The integration between apps and the OS is pretty nice. I took a picture, and I could share it via Flickr, Facebook, or Twitter, through their existing apps. Facebook news updates integrate into the contacts application, as do others (like Windows Live) though right now it seems that this is done at the OS level and not at the app level. Facebook integration into contacts includes everything you’d expect, pictures and so on — including phone numbers, something I never got from the N900 ‘facebook’ (Jabber) integration.

The calendar app is slick; the ‘Agenda’ view gives me all the information that I want, quickly and easily, and the home screen includes a clock and my next calendar appointment, making it so I don’t even need to

The browser is fast, like the rest of the system. Unlike most prior experiences in IE, the browser is competitive with most other mobile browsing experiences. (It doesn’t seem to have any touch event support, but the only thing I’ve ever used that does is iOS, so I’m biased here.)

Wifi handling is good; it switches easily to Wifi when it sees a saved access point, with no obvious problems.

The phone app is solid: getting to it is easy, answering calls has a good UI, and the voice quality is solid. Getting to the phone easily is something that the N900 definitely did not give me, and I was surprised by how much it annoyed me.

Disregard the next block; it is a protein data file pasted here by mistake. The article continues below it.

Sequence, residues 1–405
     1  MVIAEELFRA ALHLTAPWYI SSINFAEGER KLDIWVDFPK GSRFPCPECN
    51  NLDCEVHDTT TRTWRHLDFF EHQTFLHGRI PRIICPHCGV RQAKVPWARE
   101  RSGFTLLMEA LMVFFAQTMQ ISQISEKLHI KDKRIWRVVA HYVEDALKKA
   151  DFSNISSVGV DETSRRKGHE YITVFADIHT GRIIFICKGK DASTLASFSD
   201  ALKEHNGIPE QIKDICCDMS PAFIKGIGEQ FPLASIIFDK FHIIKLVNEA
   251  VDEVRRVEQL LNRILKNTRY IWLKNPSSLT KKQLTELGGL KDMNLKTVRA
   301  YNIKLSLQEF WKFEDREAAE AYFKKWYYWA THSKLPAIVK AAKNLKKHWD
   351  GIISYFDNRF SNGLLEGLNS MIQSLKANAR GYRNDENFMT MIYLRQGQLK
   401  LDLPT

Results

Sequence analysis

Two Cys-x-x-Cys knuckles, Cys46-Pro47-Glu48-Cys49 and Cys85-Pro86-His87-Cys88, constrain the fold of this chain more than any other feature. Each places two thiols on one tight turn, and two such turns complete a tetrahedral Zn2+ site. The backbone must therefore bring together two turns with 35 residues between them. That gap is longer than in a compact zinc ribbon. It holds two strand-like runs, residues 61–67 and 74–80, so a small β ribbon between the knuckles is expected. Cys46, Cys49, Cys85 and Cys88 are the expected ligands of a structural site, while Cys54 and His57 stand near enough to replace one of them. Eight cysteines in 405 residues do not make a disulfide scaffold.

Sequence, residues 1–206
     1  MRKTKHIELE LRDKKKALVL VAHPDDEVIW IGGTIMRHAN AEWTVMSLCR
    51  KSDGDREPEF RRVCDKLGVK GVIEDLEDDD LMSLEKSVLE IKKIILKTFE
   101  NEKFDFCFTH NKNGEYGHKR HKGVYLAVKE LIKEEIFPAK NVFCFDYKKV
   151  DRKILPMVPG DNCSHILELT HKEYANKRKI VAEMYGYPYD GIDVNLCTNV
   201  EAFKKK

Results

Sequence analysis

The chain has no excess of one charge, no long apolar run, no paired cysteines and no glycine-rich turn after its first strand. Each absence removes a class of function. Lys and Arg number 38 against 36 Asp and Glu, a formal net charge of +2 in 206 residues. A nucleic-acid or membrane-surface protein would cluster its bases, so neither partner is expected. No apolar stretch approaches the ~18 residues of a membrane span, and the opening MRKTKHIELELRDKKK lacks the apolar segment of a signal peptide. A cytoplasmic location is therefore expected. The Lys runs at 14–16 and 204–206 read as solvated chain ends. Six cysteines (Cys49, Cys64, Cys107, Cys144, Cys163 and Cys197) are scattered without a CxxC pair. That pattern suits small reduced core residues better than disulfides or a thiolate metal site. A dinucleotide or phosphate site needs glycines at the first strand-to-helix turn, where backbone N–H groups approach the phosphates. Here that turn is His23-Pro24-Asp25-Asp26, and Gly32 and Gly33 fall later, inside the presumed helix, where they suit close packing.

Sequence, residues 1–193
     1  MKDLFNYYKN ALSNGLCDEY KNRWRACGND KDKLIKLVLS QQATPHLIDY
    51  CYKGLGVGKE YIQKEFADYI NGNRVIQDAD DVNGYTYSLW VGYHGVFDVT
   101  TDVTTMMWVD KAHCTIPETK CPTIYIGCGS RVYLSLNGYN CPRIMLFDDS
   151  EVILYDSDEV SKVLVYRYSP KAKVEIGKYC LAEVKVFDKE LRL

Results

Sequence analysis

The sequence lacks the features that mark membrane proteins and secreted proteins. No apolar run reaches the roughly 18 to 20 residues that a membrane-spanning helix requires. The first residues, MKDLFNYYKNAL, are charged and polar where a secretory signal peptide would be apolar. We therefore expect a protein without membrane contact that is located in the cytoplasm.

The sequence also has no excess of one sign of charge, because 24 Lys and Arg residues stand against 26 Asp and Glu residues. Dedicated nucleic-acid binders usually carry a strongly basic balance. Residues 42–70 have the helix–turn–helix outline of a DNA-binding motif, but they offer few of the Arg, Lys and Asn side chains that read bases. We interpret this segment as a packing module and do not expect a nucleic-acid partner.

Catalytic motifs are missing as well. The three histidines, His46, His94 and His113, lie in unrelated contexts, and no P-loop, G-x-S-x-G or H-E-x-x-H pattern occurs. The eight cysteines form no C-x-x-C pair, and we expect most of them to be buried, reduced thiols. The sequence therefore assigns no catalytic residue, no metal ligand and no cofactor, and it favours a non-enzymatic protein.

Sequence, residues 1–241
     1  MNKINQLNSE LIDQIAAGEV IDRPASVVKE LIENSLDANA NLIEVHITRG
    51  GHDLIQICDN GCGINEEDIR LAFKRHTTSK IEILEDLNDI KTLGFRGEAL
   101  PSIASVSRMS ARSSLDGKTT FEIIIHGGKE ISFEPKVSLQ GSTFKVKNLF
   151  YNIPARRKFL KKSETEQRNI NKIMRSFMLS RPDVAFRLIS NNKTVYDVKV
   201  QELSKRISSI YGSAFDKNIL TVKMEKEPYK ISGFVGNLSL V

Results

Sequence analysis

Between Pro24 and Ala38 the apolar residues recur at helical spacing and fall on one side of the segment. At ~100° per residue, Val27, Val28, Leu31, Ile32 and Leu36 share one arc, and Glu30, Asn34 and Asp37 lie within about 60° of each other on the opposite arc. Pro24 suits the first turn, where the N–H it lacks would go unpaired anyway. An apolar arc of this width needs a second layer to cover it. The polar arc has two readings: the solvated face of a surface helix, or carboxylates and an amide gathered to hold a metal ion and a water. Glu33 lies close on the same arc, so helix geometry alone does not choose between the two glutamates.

Voice search/activation is cool, and actually worked pretty well. (Getting to it is stupid — holding down the “Windows” button turns it on rather than, say, “Search” — but it works pretty well.)

The Marketplace application is nice; support for updates, and a reasonable UI for quickly finding what you’re looking for. (The search leaves something to be desired; I oftentimes find myself searching in ‘Apps’ and getting back music/videos first, which isn’t really what I want. But when I know what I’m looking for, it works relatively well.) Compared to the Ovi Store which I’m used to, it’s a breath of fresh air: again, fast, easy to find things, and it has lots of content. Of the top 10 free apps on the android market, 7 of them are also in the Microsoft Marketplace — everything from Kindle to Facebook to Twitter is available in the existing marketplace.

Live tiles are neat. Seeing them on TV/advertisements, I didn’t really care. But they actually work well, include information that’s helpful and useful at a quick glance. The homescreen UI also makes it easy to get easy access to the applications, contacts, etc. that I want — and doesn’t have an arbitrary limit on a number of home screens like other devices do.

Text messaging is easy to use. Text all over, in fact, is really pretty — the entire UI is just easy on the eyes, which helps a lot.

Pictures are easy. Picture quality is solid — as much as I expect from any point and shoot.

Despite the lack of ‘multitasking’, the app ‘stack’ is well managed — much better than iOS, which is always centered around the home screen. I can open an email, have it take me to a link, follow it to a YouTube video in the YouTube app, and then hit back to go all the way back to the original email.

Overall, I feel like the WP7 OS running on the HTC HD7 really feels like a solid competitor in the next generation of smartphones. It’s fast, clean, and smooth all over, and for everything from sending email to watching movies on Netflix, it’s a fun phone to use, and lets me get done everything that I want to do quickly and easily.

Now if only I could get cell reception in the damn office.